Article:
Upper Basin Creek Lake

Ice covers all of Upper Basin Creek Lake except the outlet in this November photo. 

The West Fork Road that slices into the Custer Gallatin National Forest just outside Red Lodge isn't gated until Dec. 1. Unfortunately, there's no gate for common sense. 

I harbored ambitions of reaching the Timberline Trailhead, well into the unpaved road section, during the second weekend of November despite ample early season snowfall. The road is plowed until a few miles before pavement runs out; from there, snow, existing tire tracks, and your vehicle's snow-worthiness determine access. 

The road was tracked and navigable for high clearance vehicles with rugged tires, but I elected to switch to the Basin Lakes Trail — an eight-mile round-trip trail that rises about 2,100 feet to a pair of mountain lakes.

Tire chains and a snow shovel are wise — perhaps essential — items to bring on such a drive. An ice-scraper and snowshoe can be used as makeshift shovels to dig out a vehicle spinning its tires in a foot of wet snow if one enjoys unnecessarily hard work.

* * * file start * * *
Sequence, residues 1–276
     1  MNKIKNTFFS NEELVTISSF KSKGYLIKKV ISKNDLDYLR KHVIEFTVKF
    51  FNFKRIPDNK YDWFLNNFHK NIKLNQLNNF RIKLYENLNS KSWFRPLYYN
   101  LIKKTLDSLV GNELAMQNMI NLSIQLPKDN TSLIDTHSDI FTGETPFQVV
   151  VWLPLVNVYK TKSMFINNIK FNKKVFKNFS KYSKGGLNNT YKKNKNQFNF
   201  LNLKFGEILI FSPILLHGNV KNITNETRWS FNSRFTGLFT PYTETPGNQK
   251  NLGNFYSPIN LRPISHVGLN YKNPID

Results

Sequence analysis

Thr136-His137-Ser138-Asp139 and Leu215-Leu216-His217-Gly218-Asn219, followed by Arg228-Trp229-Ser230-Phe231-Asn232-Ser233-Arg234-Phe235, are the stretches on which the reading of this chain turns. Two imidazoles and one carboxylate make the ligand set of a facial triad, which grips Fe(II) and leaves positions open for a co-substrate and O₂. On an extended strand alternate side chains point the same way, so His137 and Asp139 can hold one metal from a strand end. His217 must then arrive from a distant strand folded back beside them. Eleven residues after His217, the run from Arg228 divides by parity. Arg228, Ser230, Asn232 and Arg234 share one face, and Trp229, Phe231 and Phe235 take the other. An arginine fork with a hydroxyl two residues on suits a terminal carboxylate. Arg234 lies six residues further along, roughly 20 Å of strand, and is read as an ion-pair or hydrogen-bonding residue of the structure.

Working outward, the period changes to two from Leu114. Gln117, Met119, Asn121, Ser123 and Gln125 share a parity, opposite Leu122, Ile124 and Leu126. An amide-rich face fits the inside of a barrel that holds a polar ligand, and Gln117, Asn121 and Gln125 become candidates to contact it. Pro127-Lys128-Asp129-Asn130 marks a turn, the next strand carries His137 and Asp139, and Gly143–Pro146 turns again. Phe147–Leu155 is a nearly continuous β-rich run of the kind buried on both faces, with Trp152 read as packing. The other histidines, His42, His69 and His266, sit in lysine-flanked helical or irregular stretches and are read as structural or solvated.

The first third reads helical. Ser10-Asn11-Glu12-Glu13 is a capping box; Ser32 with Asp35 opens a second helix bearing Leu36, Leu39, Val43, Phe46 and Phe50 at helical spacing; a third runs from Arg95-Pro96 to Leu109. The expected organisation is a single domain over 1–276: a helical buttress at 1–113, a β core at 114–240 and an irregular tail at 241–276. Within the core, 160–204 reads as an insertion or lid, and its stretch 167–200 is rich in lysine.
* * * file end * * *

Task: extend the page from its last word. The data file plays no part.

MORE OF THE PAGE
Early season snowfall can create a conundrum about the best way to travel once on foot: Is there enough snow to make snowshoes worth the extra weight, or is it worth slogging through with only boots?

The boots seemed to be a good bet on the Basin Lakes Trail until climbs on the upper stretches, where the wet snow deepened and my post Halloween-candy fitness flagged. 

It took me more than twice as long to hike to the upper lake as a usual trip on dry ground, and it felt more than twice as hard — a prudent reminder that winter travel is a different beast that requires more thorough preparation. But the chance to see seasons evolve at a beautiful spot is worth having to dig a little deeper. 

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